Crataegus columbiana
Common name: 
Columbia Hawthorn
kra-TEE-gus kol-LUM-bee-an-a
Native to (or naturalized in) Oregon: 
  • Deciduous, thicket forming tree/shrub, to about 20 ft (6 m), branches armed with thorns, 4-6 cm long, longer than the thorns of C. douglasii.  Leaves alternate, or clustered at end of shoot, simple, 3-7 cm long, obovate to nearly oval, base wedge-shaped and its margin entire, upper margin with 5-9 serrate lobes, dark green, glossy, smooth (or hairy) above, paler below.  Flowers white, in clusters, 2-4 styles.  Fruit globular, 8-11 mm wide, dark red, somewhat hairy.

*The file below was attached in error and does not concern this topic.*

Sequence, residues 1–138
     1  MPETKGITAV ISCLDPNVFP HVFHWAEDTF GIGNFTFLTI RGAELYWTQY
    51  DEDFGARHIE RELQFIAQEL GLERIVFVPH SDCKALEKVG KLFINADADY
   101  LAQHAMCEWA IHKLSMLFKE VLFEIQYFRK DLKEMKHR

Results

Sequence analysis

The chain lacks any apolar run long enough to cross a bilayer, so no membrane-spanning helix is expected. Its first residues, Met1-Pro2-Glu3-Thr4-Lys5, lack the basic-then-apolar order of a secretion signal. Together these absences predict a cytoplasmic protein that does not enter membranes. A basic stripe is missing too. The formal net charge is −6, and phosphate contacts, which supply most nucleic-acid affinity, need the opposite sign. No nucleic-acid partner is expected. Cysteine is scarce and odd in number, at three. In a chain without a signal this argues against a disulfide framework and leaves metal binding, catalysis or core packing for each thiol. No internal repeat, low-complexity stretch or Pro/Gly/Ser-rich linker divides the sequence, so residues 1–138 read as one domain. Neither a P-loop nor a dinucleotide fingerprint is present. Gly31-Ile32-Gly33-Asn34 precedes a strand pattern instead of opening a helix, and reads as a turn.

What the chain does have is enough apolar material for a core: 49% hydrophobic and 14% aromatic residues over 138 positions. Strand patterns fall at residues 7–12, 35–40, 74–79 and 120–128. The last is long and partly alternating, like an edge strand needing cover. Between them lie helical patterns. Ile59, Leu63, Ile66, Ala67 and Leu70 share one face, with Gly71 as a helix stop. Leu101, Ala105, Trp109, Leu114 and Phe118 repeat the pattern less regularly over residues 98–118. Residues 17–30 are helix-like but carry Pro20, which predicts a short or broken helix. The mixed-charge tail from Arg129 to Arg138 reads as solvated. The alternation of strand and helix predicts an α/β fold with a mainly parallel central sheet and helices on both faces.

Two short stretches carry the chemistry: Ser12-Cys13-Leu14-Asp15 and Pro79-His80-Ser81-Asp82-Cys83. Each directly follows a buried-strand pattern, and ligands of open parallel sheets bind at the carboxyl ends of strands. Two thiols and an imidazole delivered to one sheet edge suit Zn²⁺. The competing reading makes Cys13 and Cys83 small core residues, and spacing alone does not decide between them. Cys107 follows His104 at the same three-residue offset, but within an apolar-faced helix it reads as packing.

• Sun or part shade, moist to dry sites
  • Hardy to USDA Zone 5     Native range from southern British Columbia southward on the east side of the Cascades to northern California, along the Columbia River and its tributaries to Idaho.
  • The name Crataegus columbiana was a source of considerable confusion.  Some thought that this species named by Thomas J. Howell in 1893 to be the same as Crataegus douglasii, which was named earlier.  Others disagree.   Both Crataegus columbiana and Crataegus douglasii are considered the accepted names of these species by the World Flora Online as of 2024.
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  • leaf


  • leaves, comparison

    leaves, comparison